U.S. Dept of State Bureau of Democracy, Human Rights, and Labor, February 28, 2005

www.state.gov/g/drl/rls/hrrpt/2004/41652.htm

[accessed 1 March 2011]

TRAFFICKING IN PERSONS – In 2003, the national police documented 148 cases of underage prostitution.  In May, the former Ministry of Infrastructure, which had oversight responsibility for the tourist industry, worked with UNICEF and tourist companies to develop a voluntary code of conduct to protect minors from sexual exploitation in the travel and tourist industry.  The primary targets of trafficking schemes were middle-class girls and young women, ranging in age from 14 to approximately 28, who were lured abroad by offers to study or work.

Concluding Observations of the Committee on the Rights of the Child (CRC)

UN Convention on the Rights of the Child, 3 June 2005

sim.law.uu.nl/SIM/CaseLaw/uncom.nsf/0/6665ba6cee999821c12570350028974c?OpenDocument

[accessed 21 February 2011]

[64] The Committee is deeply concerned at the increasing number of children engaged in prostitution. While noting that trafficking in children is a relatively new human rights problem in Mongolia, the Committee is concerned about certain risk factors, including persisting poverty, the high rate of unemployment, difficult family circumstances leading to run-away from home and a growth in tourism, which may and often does increase sexual exploitation and trafficking in children.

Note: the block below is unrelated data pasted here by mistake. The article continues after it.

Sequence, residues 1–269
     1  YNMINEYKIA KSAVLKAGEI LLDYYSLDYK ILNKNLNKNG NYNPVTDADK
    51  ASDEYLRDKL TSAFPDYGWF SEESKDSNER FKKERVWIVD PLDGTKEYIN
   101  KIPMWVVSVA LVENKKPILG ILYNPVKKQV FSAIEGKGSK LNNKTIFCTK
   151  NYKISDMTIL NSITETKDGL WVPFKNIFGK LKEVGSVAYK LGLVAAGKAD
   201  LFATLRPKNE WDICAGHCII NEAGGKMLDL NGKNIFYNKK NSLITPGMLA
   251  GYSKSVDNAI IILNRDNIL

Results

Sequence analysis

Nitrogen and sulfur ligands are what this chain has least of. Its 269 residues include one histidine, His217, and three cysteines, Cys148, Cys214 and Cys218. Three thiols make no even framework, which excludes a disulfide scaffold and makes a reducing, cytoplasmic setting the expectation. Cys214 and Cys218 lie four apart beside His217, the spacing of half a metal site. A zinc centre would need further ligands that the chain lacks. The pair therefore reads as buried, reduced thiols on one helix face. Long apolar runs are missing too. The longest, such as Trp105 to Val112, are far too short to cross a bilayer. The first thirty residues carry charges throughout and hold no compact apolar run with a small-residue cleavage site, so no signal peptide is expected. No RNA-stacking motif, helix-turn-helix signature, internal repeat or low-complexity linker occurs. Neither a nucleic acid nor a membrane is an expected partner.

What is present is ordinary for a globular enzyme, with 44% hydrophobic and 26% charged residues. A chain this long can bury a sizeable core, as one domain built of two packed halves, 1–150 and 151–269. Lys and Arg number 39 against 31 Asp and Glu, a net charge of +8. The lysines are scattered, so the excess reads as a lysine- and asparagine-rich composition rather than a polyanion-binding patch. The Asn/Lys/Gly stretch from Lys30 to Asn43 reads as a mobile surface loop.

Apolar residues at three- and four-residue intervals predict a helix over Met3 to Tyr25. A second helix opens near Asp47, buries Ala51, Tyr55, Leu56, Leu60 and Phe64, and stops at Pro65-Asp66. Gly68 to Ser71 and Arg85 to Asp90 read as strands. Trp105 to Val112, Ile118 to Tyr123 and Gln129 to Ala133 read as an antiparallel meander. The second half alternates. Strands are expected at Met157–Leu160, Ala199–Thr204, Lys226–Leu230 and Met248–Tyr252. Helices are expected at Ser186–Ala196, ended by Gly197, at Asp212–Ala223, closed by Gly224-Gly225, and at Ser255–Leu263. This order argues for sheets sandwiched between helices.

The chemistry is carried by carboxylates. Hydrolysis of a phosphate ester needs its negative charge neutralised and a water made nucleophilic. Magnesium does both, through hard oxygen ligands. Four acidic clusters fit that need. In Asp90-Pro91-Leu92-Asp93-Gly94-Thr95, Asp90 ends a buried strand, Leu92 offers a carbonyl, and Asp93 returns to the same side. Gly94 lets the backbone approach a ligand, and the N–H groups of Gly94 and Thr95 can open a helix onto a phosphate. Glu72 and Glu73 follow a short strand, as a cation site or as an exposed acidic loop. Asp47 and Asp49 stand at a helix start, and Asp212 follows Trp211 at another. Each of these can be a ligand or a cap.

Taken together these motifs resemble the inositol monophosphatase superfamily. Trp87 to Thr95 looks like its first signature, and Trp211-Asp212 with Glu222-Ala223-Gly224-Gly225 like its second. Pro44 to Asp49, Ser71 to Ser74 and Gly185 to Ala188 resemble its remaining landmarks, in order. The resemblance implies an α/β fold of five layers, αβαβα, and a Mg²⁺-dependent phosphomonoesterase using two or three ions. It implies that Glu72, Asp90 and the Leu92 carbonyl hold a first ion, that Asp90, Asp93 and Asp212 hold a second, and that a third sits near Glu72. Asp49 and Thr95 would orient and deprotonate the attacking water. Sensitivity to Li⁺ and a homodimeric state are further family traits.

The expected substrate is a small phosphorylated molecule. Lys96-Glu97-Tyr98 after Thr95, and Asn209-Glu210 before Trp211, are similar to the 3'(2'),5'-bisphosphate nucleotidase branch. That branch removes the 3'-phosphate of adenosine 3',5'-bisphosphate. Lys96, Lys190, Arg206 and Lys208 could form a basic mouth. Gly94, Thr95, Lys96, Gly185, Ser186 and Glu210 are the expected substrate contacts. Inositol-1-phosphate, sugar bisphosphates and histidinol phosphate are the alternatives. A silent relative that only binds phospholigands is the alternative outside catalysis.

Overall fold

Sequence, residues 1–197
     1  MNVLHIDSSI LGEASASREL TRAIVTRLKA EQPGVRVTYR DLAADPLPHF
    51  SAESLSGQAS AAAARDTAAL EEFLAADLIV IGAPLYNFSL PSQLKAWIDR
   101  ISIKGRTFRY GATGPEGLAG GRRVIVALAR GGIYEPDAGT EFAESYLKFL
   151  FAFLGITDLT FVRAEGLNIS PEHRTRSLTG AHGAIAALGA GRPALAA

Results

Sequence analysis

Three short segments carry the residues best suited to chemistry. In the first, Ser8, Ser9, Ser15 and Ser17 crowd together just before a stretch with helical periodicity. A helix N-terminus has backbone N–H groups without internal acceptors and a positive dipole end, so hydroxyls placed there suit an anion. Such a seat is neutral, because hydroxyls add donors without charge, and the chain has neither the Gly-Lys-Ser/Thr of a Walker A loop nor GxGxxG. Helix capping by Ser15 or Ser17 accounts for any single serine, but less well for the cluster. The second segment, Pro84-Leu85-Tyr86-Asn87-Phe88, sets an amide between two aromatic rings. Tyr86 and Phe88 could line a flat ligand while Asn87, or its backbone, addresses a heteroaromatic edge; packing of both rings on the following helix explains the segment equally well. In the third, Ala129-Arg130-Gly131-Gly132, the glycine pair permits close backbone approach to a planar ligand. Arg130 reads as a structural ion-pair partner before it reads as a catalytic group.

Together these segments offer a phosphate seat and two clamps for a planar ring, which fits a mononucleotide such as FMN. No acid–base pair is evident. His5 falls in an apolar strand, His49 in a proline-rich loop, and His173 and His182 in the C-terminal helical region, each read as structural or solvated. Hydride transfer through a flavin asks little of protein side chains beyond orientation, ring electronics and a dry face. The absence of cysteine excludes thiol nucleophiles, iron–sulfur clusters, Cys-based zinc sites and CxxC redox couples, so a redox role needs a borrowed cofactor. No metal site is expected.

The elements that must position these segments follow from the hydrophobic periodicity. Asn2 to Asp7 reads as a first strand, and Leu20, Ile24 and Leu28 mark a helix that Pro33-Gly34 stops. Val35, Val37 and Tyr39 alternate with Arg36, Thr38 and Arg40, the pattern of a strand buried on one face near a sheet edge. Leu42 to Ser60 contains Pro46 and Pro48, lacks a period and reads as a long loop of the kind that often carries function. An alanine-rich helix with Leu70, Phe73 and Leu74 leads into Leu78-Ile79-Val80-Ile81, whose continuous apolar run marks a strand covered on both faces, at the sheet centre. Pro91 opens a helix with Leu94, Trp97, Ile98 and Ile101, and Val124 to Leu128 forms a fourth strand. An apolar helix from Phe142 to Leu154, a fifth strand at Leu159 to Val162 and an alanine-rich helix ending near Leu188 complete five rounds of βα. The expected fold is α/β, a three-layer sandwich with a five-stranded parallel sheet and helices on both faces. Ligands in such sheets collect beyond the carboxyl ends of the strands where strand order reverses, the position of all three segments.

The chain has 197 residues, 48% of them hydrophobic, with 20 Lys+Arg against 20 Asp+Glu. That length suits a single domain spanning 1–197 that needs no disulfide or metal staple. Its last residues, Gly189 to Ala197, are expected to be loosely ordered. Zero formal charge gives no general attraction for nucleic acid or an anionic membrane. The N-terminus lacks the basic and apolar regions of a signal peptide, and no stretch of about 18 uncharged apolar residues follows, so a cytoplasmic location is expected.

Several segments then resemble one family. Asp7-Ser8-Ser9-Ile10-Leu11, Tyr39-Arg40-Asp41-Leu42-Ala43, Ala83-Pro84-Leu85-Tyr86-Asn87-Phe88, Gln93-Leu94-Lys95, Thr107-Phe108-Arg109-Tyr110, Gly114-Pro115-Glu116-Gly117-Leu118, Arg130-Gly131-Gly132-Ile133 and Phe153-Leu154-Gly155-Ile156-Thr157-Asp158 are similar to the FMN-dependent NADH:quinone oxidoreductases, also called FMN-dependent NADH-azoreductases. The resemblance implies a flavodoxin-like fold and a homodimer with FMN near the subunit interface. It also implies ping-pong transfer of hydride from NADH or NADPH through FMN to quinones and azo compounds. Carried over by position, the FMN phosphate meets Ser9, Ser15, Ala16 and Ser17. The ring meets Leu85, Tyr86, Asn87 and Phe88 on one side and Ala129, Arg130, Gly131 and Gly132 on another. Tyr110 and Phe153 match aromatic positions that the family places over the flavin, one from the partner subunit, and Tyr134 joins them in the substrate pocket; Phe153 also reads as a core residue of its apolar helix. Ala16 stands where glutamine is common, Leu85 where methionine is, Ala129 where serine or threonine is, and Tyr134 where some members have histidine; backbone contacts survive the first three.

Street Children Remain Neglected

Damien Dawson, 06 April 2007

This article has been archived by World Street Children News and may possibly still be accessible [here]

[accessed 21 June 2011]

Although homeless and orphans, these children consider themselves lucky. "Some children are sent out to beg by their parents who use the money they get to buy alcohol, even if they’re not homeless," Nara tells me. These children do not want their names or their faces to be seen in Mongolian newspapers because of the shame this will bring to their families. They at least are trying to retain their national pride. Others that they consider less fortunate than themselves are those forced into selling themselves on the streets, while their pimps are protected by corrupt policemen, who in some cases control the prostitutes themselves.

Five Years After Stockholm [PDF]

ECPAT: Fifth Report on implementation of the Agenda for Action

ECPAT International, November 2001

www.no-trafficking.org/content/web/05reading_rooms/five_years_after_stockholm.pdf

[accessed 13 September 2011]

[B] COUNTRY UPDATES – MONGOLIAThe Mongolian Centre for Child Rights has said that the main obstacle to implementing the Agenda for Action is the lack of reliable data on both the number of street children and the number of CSEC victims. Programs implemented by the government and NGOs in recent years have focused on awareness raising and the prevention of sexually transmitted diseases including HIV/AIDS.